I have often wondered when as a society criticism became frowned upon. There was a time when speaking your mind was fine and in some cases encouraged. A lot of the time the contents of what a person said contained more criticism than praise.
Our world history is full of people who stood up and criticised and it wasn’t always worded constructively.
If people hadn’t spoken out where as a society would we be? Would the mentally ill still be locked away out of sight in asylums rather than receiving the care and help they need? Would we still have slaves in the western world? Would it be okay to judge people, not by who they are, but what they look it?
Then, at some point, criticism morphed into being constructive criticism. Now you would think that would be acceptable but clearly, as I have just found out yet again, even constructive criticism is unwanted.
So that leads me to here…if we are not meant to criticise and not meant to offer constructive criticism then how will people ever know when they are erring or need redirecting? Let alone the mine-field created when people ask for “honest feedback” (but they really only want to hear good things).
When I taught in the classroom I always tried to offer students feedback about what they had done in a balanced way – as many teachers do. You offer some good points and then suggest some improvements. As a teacher you don’t point out what is wrong to hurt, belittle or discourage the child, you do so because you are genuinely invested in seeing the student progress and grow.
Many will agree with the paragraph above…but what happens when the criticism is aimed at a colleague or another adult?
As adults we are meant to be much better at negating feedback. It would be lovely if it was positive all the time but in reality you will be criticised by someone, at some point, over something. This is because nobody is perfect. The truth is from my experience, adults tend to be worse at receiving feedback – especially when it is not positive – and handle it far worse than school children.
I recently offered advice to someone, they didn’t ask for advice, but it was advice I felt that they needed to hear as nobody else seemed willing to say anything.
- Was what I said critical? Yes, and I don’t apologise for it.
- Did I intend to hurt the person’s feelings? No, and I clearly stated that in the constructive criticism I gave the person.
- Was I “mean” or did I “put them down”? No.
My intention was for them to stop looking at everything from a “me, me, me, me” perspective and see how others might perceive what they were constantly saying in a semi-public forum area. In this case the person constantly, and let me emphasise that one word – constantly, several times a week, posting about their financial earnings (or lack thereof).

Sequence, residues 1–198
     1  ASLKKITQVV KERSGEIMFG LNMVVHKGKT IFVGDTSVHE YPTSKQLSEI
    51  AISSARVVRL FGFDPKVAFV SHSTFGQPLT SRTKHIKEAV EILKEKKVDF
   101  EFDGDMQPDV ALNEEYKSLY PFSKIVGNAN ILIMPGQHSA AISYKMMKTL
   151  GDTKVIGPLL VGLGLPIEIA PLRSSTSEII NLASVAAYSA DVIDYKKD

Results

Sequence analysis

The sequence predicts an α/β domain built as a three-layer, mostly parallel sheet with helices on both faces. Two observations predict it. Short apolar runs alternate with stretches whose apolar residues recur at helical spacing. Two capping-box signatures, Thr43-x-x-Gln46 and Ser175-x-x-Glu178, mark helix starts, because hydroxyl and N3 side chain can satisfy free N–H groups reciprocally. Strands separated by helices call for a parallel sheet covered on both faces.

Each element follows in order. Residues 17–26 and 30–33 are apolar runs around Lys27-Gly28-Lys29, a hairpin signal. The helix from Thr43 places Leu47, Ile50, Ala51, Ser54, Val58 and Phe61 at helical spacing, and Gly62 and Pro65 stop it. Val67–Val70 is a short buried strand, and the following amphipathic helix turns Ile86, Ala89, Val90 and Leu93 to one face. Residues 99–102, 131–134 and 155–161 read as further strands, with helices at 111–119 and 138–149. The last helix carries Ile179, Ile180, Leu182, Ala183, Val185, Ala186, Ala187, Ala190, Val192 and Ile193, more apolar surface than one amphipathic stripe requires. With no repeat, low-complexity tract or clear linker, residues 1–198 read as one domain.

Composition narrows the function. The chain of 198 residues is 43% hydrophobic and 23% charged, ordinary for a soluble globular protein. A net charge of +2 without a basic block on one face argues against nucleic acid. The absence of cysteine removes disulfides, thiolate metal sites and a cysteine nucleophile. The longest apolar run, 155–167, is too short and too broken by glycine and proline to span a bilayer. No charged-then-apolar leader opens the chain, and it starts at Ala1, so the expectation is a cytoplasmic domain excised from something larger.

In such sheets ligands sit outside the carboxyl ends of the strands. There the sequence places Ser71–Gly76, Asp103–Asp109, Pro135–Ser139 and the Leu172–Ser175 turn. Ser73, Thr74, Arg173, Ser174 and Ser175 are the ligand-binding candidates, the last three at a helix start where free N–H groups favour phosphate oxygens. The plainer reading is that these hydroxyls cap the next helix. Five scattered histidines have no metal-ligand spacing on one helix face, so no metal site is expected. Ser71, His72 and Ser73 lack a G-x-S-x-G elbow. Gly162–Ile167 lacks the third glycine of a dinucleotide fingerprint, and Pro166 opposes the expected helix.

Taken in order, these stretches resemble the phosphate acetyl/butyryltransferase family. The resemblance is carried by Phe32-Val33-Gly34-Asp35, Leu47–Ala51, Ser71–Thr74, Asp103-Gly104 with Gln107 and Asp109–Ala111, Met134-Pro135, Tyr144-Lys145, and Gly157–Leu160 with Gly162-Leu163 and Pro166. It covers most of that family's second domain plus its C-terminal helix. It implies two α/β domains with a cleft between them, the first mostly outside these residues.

My constructive criticism included about thinking twice about posting about fiances in a forum where people are basically names on a screen – they are not your friends. I was brought up to keep you fiances to yourself – after all, who would realistically go up to someone on the street and tell them how much money you earnt that day? That comes across as poor taste and yet many, many people will do this in a forum.
What that person thinks I have no idea…because I got shot down with comments along the lines of…it will hurt them, it was mean…and as such I have now deleted all participation with that group of individuals. What I struggle to understand is why other people take offense at constructive criticism aimed at someone else: the term “cotton woolling” comes to mind.
So why did I leave the group rather than battle it out? Honestly, I am tired of adults who only ever want to hear the good stuff. I don’t want to be part of a group who aren’t being honest – and honesty includes criticism. And let me be honest, had I left the comment there and replied to the others I would probably have been far less constructive. Plus, I hate getting mixed up in Playground-Politics.
Too many people post comments in forums and are then shocked if someone isn’t in agreement . Forums are meant for discussions; even the Oxford Dictionary gives the definition of a forum as: A meeting or medium where ideas and views on a particular issue can be exchanged.
Looking at society is now seems that we have hit a point where everyone can be offended by anything or anyone.
Is this a western-culture problem or is it a worldwide mentality? That one I can’t answer.
Why post this on a website about classrooms?
I fear what type of values this generation is being raised to believe and be not just by their parents but by teachers as well. Too many adults (including teachers) fear standing up for themselves, speaking out, or criticising in case they “get in trouble”. So what example are they setting for their students? What is most concerning is the thought that one day these kids will be adults and be leading this country.
I think perhaps the best explanation I found to trying to explain why so many can’t handle criticism was a response by Aman Anand on Quora (15th June 2012), he wrote:
“We create bubbles in which we allow
ourselves to settle into a comfort zone. When we are criticised, the
illusion of this bubble is burst as we are forced to acknowledge that
reality is far different to the world we have been inhabiting.
Different people lash out in different ways, but these are varying responses to the same problem.
is only by forcing ourselves out of our comfort zones and accepting our
limitations that we can learn to deal with criticism better.”
I couldn’t have said it better myself and now that I have publicly put my view out there I feel much better.
If interested I read a rather entertaining article by Matt Walsh which was written about criticism just a couple of years ago in 2014. It’s well worth a read: Learn How to Take Criticism, or Be Prepared to Fail